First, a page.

After menopause, a drop in estrogen levels can cause vaginal tissue to become thinner and drier. This can facilitate the growth of bacteria, which can eventually lead to a urinary tract infection (UTI).
While a woman’s risk of UTI depends on individual factors, such as overall general health, the chances of urinary tract infections generally increase with age. For women over 65, the rate is about twice that for women of any age
To reduce the risk of UTIs, women are recommended to follow these steps:
- Urinate when you feel the need and try to avoid going more than 3 or 4 hours without urinating. (The longer urine stays in the bladder; the more bacteria can grow.)
- Be sure to wipe from front to back.
- Drink plenty of fluids, preferably at least six to eight glasses of water a day.
- Urine before and after sex.
- Avoid using douches or spray deodorants for feminine hygiene.
- Choose breathable cotton underwear and avoid tight-fitting trousers.
5) Urinary Incontinence
Bladder control difficulties can begin during perimenopause and last for years. According to several studies, about half of postmenopausal women suffer from urinary incontinence. The most common form is stress urinary incontinence, in which urinary incontinence is caused by coughing, sneezing, or physical activity. Urge incontinence occurs when urination is accompanied by an uncontrollable urge to go to the bathroom immediately. Many women have a mix of both.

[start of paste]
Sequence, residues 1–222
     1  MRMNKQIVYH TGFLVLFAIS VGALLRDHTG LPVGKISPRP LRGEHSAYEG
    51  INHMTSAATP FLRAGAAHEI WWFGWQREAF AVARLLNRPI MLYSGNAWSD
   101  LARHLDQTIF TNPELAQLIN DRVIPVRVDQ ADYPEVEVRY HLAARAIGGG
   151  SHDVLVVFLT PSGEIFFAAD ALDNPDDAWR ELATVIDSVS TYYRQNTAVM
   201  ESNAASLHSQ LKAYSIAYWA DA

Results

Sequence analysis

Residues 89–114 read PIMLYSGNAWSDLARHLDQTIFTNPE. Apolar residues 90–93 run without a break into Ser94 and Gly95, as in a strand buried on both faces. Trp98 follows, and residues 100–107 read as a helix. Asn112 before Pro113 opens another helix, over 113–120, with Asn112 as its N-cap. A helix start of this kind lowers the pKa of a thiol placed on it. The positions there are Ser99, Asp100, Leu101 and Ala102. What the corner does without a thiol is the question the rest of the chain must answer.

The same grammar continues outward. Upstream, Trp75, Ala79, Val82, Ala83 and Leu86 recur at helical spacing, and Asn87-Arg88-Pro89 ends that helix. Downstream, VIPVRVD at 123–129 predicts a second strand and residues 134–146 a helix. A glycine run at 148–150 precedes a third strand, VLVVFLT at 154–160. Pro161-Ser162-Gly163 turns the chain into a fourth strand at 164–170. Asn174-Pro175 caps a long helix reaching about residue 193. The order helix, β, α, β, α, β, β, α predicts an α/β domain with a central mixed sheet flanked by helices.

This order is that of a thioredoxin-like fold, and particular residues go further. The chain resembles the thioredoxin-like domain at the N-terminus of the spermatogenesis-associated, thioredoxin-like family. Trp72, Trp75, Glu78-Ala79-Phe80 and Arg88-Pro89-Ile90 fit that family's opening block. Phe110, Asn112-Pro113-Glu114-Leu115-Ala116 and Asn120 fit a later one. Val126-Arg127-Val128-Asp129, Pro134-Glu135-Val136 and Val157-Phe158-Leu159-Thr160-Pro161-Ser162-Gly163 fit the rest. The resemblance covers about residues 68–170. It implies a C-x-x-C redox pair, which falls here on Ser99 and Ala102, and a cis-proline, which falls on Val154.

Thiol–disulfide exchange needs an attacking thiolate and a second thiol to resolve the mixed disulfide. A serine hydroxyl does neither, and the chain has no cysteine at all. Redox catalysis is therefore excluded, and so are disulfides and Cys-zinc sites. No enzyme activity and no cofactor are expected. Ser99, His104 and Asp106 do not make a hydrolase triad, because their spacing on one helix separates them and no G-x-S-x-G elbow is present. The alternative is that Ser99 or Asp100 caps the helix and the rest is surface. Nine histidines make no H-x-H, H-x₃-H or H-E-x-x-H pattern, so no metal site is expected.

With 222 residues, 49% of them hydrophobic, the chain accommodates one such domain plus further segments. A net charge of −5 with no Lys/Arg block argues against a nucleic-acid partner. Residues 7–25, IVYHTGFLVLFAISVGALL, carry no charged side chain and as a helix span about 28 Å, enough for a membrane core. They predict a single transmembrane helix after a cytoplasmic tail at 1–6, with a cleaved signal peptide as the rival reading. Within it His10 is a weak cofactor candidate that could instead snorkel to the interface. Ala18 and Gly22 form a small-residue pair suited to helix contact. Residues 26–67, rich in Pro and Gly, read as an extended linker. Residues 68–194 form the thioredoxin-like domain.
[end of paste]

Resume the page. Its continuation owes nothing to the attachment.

Why Your Risk of Urinary Incontinence May Increase and What You Can Do About It
The tissues of the bladder and urethra (the tube that carries urine out of the bladder) contain receptors for estrogen and progesterone and are thickened by these hormones. After menopause, these hormone levels drop, and the tissue becomes thinner and weaker. Also, as we age, the muscles around the pelvis can lose elasticity, a process known as “pelvic relaxation.”
To prevent urinary incontinence, void your bubble as many times as possible. Try to do Kegel exercises, which tense and relax your pelvic floor muscles. The key to proper Kegel exercises is to work the subtle muscles that control urine flow, not the glutes. Hold each contraction for two to three seconds and build up to five sets of 10 reps for days.
For some women, menopause symptoms no longer appear after post menopause. Other women continue to experience some symptoms.
- You may experience hot flashes for a year or two after menopause.
- You may experience mood changes and depression before, during, and after menopause. Changes in your mental health should be discussed with your doctor.
- You can also suffer from vaginal dryness, which can affect your sexual health and cause infections. Using water-soluble lubricants can help make intercourse more comfortable. Discuss these changes with your doctor to determine if you need treatment.
Make sure to see your doctor once you are postmenopausal. These check-ups with your doctor can help you prevent problems that can develop after menopause.
Tests and exams to expect after menopause include:
- Pelvic exams
- Pap smear, probably every three years
- Other gynaecological examinations
- Other cancer screening
- Osteoporosis tests, such as b. Bone density measurements
If you are postmenopausal and have vaginal bleeding, consult your doctor. This can be a sign of a serious health condition.